|Applied Marine Ecology|
|Aquatic Species Ecology|
|Food Webs and Invertebrates Community Dynamics|
|Invasive Species (Wetlands)|
|Platypus Conservation Initiative|
|River Red Gum Dynamics and Management|
|Wetland Ecology and Stable Isotopes|
|Invasive Species (Terrestrial)|
|Spatial Analyses and GIS|
|Vegetation Survey and Mapping|
Rachel V. Blakey
July 2011 – July 2014
The Murray-Darling Basin is among the world’s top ten most threatened river systems. It covers approximately 14% of Australia’s area and contains about 30,000 wetlands, 12 of which are internationally protected. Of the Murray-Darling fauna, bats represent around 60% of mammal diversity and are abundant within its freshwater ecosystems. Bat species not only depend on surface water within these ecosystems throughout their life cycles but are also likely to contribute to processes essential for maintaining the health of the wetlands. For example bats may provide an important ecosystem service to trees, particularly those experiencing water stress or isolated by clearing, by regulating the abundance of leaf-chewing insects.
By combining field surveys, automated call recognition and remotely derived data, my project will be the first attempt to determine the importance of river and wetland environments to bat communities at a basin-scale within the Murray-Darling. In addition, I will quantify the role of bats in regulating insect populations within River Red Gums and thus maintaining wetland health. Finally, I aim to experimentally test the impact of different environmental watering and ecological restoration scenarios on bat communities in order to determine how to best manage bat communities and maintain the ecosystem processes they support within the Murray-Darling Basin.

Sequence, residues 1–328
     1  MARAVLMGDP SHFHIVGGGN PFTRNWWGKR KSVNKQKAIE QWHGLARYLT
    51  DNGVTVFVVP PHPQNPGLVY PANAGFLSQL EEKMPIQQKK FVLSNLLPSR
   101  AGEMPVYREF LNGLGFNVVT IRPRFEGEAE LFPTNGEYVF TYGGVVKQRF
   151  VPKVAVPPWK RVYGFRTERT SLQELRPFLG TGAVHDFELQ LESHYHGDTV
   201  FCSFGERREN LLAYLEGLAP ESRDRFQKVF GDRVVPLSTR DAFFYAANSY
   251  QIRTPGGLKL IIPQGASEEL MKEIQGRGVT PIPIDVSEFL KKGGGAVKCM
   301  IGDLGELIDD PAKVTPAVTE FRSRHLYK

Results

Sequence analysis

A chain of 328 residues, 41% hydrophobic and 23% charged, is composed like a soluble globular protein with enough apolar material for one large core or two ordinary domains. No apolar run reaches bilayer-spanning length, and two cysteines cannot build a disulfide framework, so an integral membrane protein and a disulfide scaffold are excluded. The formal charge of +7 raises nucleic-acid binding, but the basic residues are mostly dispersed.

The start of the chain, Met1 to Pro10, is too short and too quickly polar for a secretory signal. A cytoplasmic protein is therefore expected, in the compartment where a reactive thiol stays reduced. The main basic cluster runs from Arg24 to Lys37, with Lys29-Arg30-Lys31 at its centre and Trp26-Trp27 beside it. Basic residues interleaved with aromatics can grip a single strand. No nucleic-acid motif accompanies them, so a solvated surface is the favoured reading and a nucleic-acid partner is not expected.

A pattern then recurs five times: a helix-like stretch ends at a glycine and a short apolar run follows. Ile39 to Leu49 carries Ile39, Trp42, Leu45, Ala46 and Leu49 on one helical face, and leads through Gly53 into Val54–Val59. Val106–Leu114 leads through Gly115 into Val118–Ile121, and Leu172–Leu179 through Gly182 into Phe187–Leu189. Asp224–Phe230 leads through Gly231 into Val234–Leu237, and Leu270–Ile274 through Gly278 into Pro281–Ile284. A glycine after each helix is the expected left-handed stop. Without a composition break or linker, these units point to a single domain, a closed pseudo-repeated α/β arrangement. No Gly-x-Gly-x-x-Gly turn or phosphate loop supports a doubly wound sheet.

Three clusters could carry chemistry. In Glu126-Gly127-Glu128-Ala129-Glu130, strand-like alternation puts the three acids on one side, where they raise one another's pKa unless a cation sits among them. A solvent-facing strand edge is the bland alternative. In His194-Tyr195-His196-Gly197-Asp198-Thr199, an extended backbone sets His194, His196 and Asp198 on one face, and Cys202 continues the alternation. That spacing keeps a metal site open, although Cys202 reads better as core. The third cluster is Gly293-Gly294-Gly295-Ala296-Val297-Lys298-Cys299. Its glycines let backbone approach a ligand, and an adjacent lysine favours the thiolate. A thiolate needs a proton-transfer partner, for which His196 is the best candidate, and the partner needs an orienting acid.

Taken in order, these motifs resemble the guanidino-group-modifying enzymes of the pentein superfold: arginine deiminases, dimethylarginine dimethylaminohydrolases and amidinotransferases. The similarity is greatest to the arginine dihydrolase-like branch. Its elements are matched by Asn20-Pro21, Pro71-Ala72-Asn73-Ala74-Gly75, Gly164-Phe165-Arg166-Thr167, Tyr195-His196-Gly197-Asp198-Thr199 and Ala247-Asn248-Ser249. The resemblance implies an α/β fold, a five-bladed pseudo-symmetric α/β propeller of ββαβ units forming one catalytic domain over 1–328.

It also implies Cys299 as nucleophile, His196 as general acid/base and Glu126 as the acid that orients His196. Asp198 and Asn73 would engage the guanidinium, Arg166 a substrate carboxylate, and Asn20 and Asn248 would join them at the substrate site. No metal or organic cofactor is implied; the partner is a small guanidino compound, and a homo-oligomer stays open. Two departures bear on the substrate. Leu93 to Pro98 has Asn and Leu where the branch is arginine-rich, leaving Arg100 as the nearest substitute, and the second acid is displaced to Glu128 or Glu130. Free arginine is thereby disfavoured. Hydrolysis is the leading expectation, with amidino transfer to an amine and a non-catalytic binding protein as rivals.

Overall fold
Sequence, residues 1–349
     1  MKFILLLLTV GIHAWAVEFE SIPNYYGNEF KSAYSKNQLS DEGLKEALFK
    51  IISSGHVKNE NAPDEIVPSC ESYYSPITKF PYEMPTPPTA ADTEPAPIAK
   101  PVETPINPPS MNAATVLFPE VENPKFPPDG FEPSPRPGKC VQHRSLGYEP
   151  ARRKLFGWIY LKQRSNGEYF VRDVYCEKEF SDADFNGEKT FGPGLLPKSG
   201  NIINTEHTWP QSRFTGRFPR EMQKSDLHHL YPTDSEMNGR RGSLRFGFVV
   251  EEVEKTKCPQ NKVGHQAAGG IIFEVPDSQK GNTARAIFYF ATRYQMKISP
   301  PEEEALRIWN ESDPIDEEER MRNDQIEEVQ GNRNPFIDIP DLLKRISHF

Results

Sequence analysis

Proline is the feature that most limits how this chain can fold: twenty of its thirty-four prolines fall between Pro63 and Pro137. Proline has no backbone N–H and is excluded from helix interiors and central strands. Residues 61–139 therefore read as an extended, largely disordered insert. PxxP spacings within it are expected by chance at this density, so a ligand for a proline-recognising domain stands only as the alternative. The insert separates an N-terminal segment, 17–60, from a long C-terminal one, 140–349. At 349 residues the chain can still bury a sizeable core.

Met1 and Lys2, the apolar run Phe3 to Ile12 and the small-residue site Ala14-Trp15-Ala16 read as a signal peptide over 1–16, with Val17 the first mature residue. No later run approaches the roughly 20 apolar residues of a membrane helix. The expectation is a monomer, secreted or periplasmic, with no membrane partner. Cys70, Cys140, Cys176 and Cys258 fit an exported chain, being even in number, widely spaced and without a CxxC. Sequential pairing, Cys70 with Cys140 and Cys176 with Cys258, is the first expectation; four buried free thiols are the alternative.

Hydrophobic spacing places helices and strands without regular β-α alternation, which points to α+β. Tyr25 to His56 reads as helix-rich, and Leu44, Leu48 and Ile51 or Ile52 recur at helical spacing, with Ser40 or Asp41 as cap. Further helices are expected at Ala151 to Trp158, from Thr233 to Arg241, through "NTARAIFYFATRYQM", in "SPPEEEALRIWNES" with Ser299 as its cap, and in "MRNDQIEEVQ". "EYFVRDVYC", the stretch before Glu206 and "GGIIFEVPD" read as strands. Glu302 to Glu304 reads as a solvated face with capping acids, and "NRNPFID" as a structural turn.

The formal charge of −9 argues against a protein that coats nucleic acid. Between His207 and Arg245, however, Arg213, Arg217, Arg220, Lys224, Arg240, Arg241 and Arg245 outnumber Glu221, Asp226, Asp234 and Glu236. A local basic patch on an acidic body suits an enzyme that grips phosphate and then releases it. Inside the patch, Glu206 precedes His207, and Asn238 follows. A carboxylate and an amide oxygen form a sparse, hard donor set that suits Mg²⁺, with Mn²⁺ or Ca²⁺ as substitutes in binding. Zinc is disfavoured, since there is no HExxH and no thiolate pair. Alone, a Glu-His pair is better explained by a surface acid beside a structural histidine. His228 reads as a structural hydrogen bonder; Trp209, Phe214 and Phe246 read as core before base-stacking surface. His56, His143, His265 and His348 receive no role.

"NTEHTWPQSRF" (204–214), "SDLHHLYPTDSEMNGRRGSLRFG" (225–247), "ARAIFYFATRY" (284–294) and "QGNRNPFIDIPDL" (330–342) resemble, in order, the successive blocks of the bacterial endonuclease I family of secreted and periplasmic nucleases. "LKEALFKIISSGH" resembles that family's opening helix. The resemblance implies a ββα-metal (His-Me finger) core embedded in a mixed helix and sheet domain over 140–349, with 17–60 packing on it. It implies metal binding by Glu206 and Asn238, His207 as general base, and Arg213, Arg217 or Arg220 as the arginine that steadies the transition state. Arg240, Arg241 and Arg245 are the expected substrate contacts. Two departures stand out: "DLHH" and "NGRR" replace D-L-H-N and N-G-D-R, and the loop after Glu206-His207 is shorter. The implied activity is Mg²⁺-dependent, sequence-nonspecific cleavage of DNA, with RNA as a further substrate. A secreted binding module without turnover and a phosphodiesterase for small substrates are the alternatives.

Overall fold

This project has 4 main objectives:
1. To determine the importance of wetland and river habitats for bat communities and their prey within floodplain ecosystems of the Murray-Darling basin
2. To determine the relationship between bats, birds, herbivorous insects and leaf loss in River Red Gums and to discover how these relationships change with changing flooding conditions
3. To determine the relationship between forest structure, hydrological variables and bat activity within a River Red Gum forest using site-based and remotely derived variables and to use these relationships to predict outcomes of multiple restoration scenarios
4. To determine how environmental flows influence bats:
a. At the community level (using bat and insect prey diversity and activity indices)
b. At the individual level (using foraging or roosting behaviour of a focal bat species)
This project will be the first Murray-Darling basin-scale investigation of aerial insects and of terrestrial vertebrates, making significant progress in our understanding of animal communities and ecosystem processes within this high conservation priority area. The outcomes will allow natural resource and water managers within the various tiers of government to integrate bats, an often over-looked taxa, into their decision-making.
Tel: +61 2 9385 8296 | email: firstname.lastname@example.org | Address: Room 508, Building D26, School of Biological, Earth and Environmental Sciences, University of NSW
Authorised by Professor Richard Kingsford, Director | CRICOS Provider Code 00098G | ABN 57 195 873 179